RUTH, BOOK OF
This Bible book takes its name from one of its principal characters, Ruth the Moabitess. The narrative shows how Ruth became an ancestress of David by undergoing brother-in-law marriage with Boaz in behalf of her mother-in-law Naomi. The appreciation, loyalty, and the trust in Jehovah that were manifested by Boaz, Naomi, and Ruth permeate the account.—Ru 1:8, 9, 16, 17; 2:4, 10-13, 19, 20; 3:9-13; 4:10.
With the exception of the genealogical listing (Ru 4:18-22), the events related in the book of Ruth cover a period of about 11 years in the time of the Judges, though it is not stated exactly when it was during this period that they occurred.—Ru 1:1, 4, 22; 2:23; 4:13.
Jewish tradition credits Samuel with the writership of the book, and this would not disagree with internal evidence. The fact that the account concludes with David’s genealogy suggests that the writer knew about God’s purpose respecting David. This would fit Samuel, for he was the one who anointed David to be king. Therefore, it would also have been appropriate for Samuel to make a record of David’s ancestral background.—1Sa 16:1, 13.
Authenticity and Value. That the book of Ruth is historical is confirmed by Matthew’s genealogy of Jesus Christ, which lists Boaz, Ruth, and Obed in the line of descent. (Mt 1:5; compare Ru 4:18-22; 1Ch 2:5, 9-15.) Moreover, it is inconceivable that a Hebrew writer would have deliberately invented a foreign maternal ancestry for David, the first king in the royal line of Judah.
The historical record provides background material that illustrates and illuminates other parts of the Bible. The application of the laws involving gleaning (Le 19:9, 10; De 24:19-22; Ru 2:1, 3, 7, 15-17, 23) and brother-in-law marriage (De 25:5-10; Ru 3:7-13; 4:1-13) are vividly portrayed. There is evidence of Jehovah’s guidance in the preservation of the line of descent leading to the Messiah and also in the choice of individuals for that line. Israelite women who were married to a man of the tribe of Judah had the possible prospect of contributing to Messiah’s earthly line of descent. (Ge 49:10) The fact that Ruth, a Moabitess, was so favored illustrates the principle stated by the apostle Paul: “It depends, not upon the one wishing nor upon the one running, but upon God, who has mercy.” (Ro 9:16) Ruth had chosen Jehovah as her God and Israel as her people, and in his great mercy, Jehovah granted to her “a perfect wage” in permitting her to become a link in the most important line of descent.—Ru 2:12; 4:13-17.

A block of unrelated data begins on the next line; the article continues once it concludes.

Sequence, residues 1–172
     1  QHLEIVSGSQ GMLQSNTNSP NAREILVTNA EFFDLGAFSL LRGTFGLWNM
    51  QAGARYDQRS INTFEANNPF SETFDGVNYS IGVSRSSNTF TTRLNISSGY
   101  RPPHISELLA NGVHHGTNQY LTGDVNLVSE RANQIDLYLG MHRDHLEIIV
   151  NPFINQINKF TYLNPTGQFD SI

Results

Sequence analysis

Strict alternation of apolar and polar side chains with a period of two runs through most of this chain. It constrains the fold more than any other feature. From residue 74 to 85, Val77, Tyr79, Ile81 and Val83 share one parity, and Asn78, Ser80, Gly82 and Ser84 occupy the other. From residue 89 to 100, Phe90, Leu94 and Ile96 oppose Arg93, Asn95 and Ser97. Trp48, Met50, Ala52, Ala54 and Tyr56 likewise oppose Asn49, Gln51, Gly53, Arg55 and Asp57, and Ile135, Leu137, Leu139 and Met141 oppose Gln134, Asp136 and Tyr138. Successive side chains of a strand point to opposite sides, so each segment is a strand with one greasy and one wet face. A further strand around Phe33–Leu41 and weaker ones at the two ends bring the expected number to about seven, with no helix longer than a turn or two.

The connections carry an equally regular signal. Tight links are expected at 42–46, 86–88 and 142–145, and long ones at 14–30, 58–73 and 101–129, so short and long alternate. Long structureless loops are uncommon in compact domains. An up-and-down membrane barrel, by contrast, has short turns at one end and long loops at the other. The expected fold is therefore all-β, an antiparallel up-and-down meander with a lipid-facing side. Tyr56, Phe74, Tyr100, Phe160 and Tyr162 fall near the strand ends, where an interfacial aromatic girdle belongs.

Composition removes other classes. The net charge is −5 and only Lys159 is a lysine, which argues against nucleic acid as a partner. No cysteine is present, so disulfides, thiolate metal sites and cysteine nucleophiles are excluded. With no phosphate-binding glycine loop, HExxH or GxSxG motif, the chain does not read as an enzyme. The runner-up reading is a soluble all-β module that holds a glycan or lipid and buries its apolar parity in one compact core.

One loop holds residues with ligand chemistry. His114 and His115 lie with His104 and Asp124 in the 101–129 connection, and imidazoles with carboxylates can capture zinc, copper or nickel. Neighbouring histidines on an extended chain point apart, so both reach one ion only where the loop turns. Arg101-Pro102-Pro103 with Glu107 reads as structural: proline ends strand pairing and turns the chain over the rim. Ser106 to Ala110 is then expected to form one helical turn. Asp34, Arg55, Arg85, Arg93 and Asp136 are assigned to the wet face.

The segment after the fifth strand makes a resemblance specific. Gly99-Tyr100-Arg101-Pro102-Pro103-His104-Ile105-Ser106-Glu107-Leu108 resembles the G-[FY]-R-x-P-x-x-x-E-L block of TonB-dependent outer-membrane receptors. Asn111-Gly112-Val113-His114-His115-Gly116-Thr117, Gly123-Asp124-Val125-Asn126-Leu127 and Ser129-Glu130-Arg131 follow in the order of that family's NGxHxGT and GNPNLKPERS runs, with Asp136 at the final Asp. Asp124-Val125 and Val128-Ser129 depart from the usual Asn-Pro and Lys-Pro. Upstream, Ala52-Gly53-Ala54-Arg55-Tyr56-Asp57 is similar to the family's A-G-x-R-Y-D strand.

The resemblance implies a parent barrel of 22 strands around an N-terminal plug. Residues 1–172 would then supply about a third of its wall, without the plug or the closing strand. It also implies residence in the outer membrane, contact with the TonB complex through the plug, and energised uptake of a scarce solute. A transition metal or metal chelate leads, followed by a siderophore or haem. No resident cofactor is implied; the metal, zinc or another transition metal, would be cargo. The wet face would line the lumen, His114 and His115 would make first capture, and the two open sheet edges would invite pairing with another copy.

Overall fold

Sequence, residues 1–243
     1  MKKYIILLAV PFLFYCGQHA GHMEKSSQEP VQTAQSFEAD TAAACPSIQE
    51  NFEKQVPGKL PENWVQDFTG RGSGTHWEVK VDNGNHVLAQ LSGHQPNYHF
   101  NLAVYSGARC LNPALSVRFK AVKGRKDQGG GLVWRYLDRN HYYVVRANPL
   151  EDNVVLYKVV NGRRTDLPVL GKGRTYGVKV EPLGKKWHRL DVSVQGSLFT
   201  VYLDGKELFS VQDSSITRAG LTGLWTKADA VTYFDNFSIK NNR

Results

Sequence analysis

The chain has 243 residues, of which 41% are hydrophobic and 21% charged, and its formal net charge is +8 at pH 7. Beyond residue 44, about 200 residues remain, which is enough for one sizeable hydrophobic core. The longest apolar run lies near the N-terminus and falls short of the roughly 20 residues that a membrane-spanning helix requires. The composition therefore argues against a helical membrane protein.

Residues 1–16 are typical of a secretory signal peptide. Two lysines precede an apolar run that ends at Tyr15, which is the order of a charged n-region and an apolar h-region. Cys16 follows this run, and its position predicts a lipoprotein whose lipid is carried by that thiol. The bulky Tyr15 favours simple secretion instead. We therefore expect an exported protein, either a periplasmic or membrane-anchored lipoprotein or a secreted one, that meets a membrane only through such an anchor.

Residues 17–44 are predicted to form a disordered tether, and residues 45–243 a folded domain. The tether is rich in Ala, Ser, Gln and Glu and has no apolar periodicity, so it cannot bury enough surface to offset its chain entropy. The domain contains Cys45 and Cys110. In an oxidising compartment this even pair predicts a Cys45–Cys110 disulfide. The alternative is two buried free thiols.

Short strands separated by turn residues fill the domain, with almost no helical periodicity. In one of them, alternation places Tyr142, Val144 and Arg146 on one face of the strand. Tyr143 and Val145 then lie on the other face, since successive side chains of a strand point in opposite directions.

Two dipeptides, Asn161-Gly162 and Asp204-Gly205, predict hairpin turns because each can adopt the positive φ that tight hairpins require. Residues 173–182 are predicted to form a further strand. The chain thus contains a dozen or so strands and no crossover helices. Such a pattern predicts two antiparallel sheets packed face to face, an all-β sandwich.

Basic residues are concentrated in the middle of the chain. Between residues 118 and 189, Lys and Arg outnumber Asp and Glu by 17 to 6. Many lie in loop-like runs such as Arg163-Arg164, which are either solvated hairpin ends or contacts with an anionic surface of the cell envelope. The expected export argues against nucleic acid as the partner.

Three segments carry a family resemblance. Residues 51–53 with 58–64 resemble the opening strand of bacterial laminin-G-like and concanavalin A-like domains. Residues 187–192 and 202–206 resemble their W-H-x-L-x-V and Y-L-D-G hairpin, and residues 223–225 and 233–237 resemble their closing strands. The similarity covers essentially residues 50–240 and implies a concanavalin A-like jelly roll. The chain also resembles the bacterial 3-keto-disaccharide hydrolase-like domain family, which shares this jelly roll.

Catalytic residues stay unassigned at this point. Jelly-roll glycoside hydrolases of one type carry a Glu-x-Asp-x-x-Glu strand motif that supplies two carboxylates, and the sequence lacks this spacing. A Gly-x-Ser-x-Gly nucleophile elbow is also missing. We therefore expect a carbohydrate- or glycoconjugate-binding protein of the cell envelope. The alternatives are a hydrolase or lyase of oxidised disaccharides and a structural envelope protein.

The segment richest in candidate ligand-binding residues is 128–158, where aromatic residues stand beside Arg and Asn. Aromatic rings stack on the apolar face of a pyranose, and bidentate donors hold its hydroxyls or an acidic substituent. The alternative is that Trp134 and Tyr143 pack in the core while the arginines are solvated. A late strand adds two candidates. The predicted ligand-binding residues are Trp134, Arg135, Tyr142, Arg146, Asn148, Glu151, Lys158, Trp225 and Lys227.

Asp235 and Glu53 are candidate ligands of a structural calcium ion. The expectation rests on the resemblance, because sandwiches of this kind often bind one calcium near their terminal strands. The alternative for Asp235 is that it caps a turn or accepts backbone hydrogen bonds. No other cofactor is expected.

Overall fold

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HIGHLIGHTS OF RUTH
A narrative showing how the God-fearing Moabitess Ruth was blessed by Jehovah by becoming part of the unbroken Messianic line leading to King David
Setting is during the time of the Judges; writing was likely completed about 1090 B.C.E.
Ruth decides to stay with Naomi and her God, Jehovah (1:1-22)
Childless and widowed, Ruth and Orpah accompany their mother-in-law Naomi, widow of Elimelech, as she departs from Moab to return to Judah
Dissuaded by Naomi’s words regarding the bleak prospects for remarriage, Orpah turns back
Ruth is undeterred; she declares that Naomi’s people will be her people and Naomi’s God her God
Finally, Ruth and Naomi arrive in Bethlehem
Ruth gleans in the field of Boaz (2:1–3:18)
By chance, Ruth begins gleaning in the field of Boaz, a kinsman of Elimelech, and gains his favorable attention
Ruth continues gleaning in Boaz’ field until the end of the barley and wheat harvests
Then, following Naomi’s instructions, Ruth requests Boaz to act as a repurchaser; Boaz is willing, but there is a man more closely related to Naomi than he is
Boaz, as repurchaser, marries Ruth (4:1-22)
Before ten elders of Bethlehem, Boaz offers the closer relative the opportunity to repurchase the field of Elimelech and to raise up offspring for the dead man by performing brother-in-law marriage with Ruth
When the relative declines, Boaz acts as repurchaser
The union of Boaz and Ruth is blessed with the birth of a son, Obed, the grandfather of King David